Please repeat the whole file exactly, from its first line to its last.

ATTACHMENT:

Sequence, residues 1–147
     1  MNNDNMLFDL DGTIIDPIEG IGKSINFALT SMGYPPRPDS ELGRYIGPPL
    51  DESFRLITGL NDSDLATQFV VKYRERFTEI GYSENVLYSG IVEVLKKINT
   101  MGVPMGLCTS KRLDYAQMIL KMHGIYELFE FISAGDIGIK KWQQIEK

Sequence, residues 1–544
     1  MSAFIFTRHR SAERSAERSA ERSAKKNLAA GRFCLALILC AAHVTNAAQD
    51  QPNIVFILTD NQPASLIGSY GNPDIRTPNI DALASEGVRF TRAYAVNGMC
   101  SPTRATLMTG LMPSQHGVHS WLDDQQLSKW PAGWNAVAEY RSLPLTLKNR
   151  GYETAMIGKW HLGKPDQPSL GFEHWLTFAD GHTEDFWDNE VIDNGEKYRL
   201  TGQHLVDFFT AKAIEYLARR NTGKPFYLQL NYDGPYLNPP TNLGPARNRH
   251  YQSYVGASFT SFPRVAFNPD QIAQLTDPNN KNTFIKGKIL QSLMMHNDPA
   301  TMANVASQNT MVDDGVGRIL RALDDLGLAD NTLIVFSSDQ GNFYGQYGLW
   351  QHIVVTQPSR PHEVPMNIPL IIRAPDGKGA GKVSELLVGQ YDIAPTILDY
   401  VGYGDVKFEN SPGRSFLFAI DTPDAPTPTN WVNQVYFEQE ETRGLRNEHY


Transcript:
Sequence, residues 1–147
     1  MNNDNMLFDL DGTIIDPIEG IGKSINFALT SMGYPPRPDS ELGRYIGPPL
    51  DESFRLITGL NDSDLATQFV VKYRERFTEI GYSENVLYSG IVEVLKKINT
   101  MGVPMGLCTS KRLDYAQMIL KMHGIYELFE FISAGDIGIK KWQQIEK

Sequence, residues 1–544
     1  MSAFIFTRHR SAERSAERSA ERSAKKNLAA GRFCLALILC AAHVTNAAQD
    51  QPNIVFILTD NQPASLIGSY GNPDIRTPNI DALASEGVRF TRAYAVNGMC
   101  SPTRATLMTG LMPSQHGVHS WLDDQQLSKW PAGWNAVAEY RSLPLTLKNR
   151  GYETAMIGKW HLGKPDQPSL GFEHWLTFAD GHTEDFWDNE VIDNGEKYRL
   201  TGQHLVDFFT AKAIEYLARR NTGKPFYLQL NYDGPYLNPP TNLGPARNRH
   251  YQSYVGASFT SFPRVAFNPD QIAQLTDPNN KNTFIKGKIL QSLMMHNDPA
   301  TMANVASQNT MVDDGVGRIL RALDDLGLAD NTLIVFSSDQ GNFYGQYGLW
   351  QHIVVTQPSR PHEVPMNIPL IIRAPDGKGA GKVSELLVGQ YDIAPTILDY
   401  VGYGDVKFEN SPGRSFLFAI DTPDAPTPTN WVNQVYFEQE ETRGLRNEHY